Manners for me are the touch of nature,… Someone who does not take them seriously is making a serious mistake….
The real triumph of manners in Proust is the extreme courtesy towards the reader, the voice explaining at once formally and intimately.
By 1955 Jimmy had also become something of a dandy. Though he wore conventional suits and shirts and neckties to official academic occasions, his everyday clothes were elegant but odd, sometimes slightly comic. He had a subtle, rather Art Nouveau color sense: he liked mauve and purple and apricot and turquoise silk or Egyptian-cotton shirts, and bright flowered ties. At home he often cooked breakfast in a Japanese kimono and sandals. I remember especially some red straw and silk sandals and a gray-striped silk kimono with deep sleeves cuffed in black.“
Alison Lurie (Chigaco, 3 september 1926)
De Russische schrijver Sergej Dovlatov werd geboren op 3 september 1941 in Ufa, in het zuiden van Rusland. Zie ook mijn blog van 3 september 2010 en eveneens alle tags voor Sergej Dovlatov op dit blog.
Uit: Ours (Vertaald door Anne Frydman)
“Once Lena was at work while I was held up at home. I was looking for some necessary papers, as usual – a copy of an editorial contract, if I’m not mistaken. I dug around in the chests. Yanked drawers out of the desk. I even looked in the night table.
Then, under a pole of books, magazines, and old letters, I found an album. A small, almost pocket-sized photograph album – about fifteen sheets of thick cardboard with a dove embossed on the cover.
I opened it. The early photographs were yellowed and cracked. Some were missing corners. In one, a round-faced little girl cautiously petted a shaggy dog with its ears back. In another, a girl of about six hugged a homemade doll. Both looked sad and lost.
Next was a family photo – mother, father, and daughter. The father was wearing a long raincoat and a straw hat. Just the tips of his fingers showed below the sleeves. His wife wore a heavy sweater with puffed sleeves, and she had curls tucked into a sheer kerchief. The girl had turned sharply making her short fall coat fly open. Something had caught her attention outside the frame – maybe a stray dog. Behind them, through the trees, was the facade of Pushkin’s lycee in Tsarskoe Selo.
Later came relatives with tense, artificial smiles: an elderly, mustachioed railroad man in uniform, a lady beside a bust of Lenin, a youth on a motorcycle. Then came a sailor, or a student. Even in the picture you could see how carefully he had shaved. A girl holding a bouquet of lilies of the valley was peering into his face.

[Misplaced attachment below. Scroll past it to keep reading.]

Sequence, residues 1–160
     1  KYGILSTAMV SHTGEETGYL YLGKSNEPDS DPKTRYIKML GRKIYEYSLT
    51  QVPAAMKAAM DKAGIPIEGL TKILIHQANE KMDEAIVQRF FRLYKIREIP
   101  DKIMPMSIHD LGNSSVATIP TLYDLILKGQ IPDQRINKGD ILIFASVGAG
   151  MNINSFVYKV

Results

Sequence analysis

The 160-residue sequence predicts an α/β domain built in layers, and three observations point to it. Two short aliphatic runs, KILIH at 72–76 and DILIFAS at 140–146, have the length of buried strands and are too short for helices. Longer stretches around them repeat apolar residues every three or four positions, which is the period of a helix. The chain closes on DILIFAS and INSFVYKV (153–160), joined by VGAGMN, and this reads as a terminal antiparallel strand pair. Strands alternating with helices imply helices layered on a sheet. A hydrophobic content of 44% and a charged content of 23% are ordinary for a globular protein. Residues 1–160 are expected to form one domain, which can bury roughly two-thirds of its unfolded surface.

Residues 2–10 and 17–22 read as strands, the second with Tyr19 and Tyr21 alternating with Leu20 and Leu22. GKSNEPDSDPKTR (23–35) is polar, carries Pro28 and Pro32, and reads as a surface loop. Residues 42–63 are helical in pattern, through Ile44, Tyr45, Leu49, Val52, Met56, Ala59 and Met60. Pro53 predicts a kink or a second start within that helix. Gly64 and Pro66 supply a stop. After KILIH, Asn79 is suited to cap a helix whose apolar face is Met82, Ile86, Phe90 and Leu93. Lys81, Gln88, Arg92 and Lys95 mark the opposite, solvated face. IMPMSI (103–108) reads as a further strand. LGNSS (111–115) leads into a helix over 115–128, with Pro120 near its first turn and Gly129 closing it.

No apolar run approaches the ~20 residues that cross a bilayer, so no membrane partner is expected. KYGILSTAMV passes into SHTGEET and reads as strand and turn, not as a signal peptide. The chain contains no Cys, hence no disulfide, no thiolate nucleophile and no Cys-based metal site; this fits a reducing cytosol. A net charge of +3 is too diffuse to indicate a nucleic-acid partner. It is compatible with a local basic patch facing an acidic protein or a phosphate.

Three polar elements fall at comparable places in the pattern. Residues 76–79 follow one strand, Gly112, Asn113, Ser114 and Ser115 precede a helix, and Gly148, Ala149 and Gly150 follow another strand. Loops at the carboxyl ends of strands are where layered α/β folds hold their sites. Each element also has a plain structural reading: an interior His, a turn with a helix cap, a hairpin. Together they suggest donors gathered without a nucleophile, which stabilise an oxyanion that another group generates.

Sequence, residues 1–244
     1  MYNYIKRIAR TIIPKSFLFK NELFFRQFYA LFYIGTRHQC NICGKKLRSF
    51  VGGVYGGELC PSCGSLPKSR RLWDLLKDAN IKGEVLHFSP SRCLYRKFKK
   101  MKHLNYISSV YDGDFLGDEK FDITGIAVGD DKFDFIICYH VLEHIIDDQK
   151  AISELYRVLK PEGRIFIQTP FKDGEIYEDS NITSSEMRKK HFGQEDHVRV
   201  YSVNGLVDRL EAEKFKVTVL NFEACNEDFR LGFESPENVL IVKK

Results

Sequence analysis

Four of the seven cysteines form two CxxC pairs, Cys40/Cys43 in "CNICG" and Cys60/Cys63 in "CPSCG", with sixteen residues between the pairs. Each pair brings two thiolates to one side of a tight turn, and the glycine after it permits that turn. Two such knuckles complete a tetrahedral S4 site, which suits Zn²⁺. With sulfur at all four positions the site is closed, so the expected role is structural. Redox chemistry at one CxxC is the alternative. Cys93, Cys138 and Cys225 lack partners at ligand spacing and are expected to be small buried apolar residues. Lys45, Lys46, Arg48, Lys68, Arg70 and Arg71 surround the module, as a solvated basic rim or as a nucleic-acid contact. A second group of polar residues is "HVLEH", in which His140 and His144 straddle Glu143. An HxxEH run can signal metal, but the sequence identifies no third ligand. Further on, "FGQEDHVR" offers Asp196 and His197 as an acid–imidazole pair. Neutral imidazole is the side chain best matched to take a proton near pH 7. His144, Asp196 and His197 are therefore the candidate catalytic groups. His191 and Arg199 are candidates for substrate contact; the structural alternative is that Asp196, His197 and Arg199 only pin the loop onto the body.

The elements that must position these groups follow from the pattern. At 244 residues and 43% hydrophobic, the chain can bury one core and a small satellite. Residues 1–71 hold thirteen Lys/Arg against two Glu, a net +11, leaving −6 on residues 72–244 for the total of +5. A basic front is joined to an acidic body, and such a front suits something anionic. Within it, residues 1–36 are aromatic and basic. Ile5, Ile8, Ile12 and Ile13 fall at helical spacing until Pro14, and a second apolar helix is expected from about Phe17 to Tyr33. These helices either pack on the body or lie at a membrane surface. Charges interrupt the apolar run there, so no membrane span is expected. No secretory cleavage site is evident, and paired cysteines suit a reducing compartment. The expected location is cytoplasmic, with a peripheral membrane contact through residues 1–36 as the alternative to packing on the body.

One whole page was taken up by a glossy school photo, four rows of frightened, tense, frozen faces. Not a single cheerful child. In the center was a group of teachers, who with medals – veterans, probably – and the class matron. She was easy to spot. The old woman was embracing two schoolgirls who had forced smiles. On the left in the third row was my wife – the only one not looking at the camera.“
Sergej Dovlatov (3 september 1941 – 24 augustus 1990)
Onafhankelijk van geboortedata:
“Sie sieht schlecht aus, trotzdem erkennst du sie sofort, wer kennt sie nicht,
hier im Adlon? Sicher kommt sie aus einem ihrer Meetings mit faltigen Bürokraten, wo sie den Sozialstaat neu formen oder die Rasenmäher-Abgasbestimmungen. Sie ist reich, sie hat Erfolg, jeder kriecht ihr in den Arsch. Du willst nicht mit ihr tauschen.
Vor ihr steht ein Glas Milch, goldfarbener Alkohol schimmert durchs Weiß. Sie ist schnell gealtert, das tun alle in ihrem Job. Sie sah schon vor fünfzehn Jahren aus wie 55. Doch da sind immer noch die Lachfältchen um die Augen, die du charmant findest, und für die Mundwinkel kann sie nichts. Du denkst an diese Geste, die sie immer macht, wenn sie spricht, sie heißt „der kleine Zeigefinger“, es sieht immer ein wenig so aus, als wolle sie sich melden, wie die Thälmann-Pionierin aus der Polytechnischen Oberschule in Templin, die sie nie ganz abschütteln konnte. Jetzt bestellt sie mit dem kleinen Zeigefinger noch eine Milch mit Schuss.
Udo Walz hat ihre Haare im Stich gelassen, wie eine ertrunkene Katze hängen sie auf ihre Schultern. Du denkst an die Bilder, die alle von ihr gesehen haben, hässliche Bilder, schlimmer, schmerzhafter als das Rumgerutsche der unzähligen Gina Lisas. Du denkst an die Schweißflecken von Bayreuth
2005, an die Brüste von Oslo 2008, du hast im Sommer sogar die Bruno-Banani-Plakate gesehen, riesig den ganzen Kudamm hinab, auf denen sie in einem blauen Photoshop-Dessous zu sehen war.
Damals hast du geschmunzelt, hast gedacht: Warum nicht? Ihre Gefühle waren dir egal. Sie war nur ein Körper für dich, ein Volkskörper. Doch ihre Seele hat gelitten, denkst du jetzt. Das Gewicht einer Nation hängt an diesen Tränensäcken. Unter ihrer vertrockneten Schale verbirgt sich ein weicher
Kern, das erkennst du sofort.”
Lino Wirag (Pforzheim, 1983)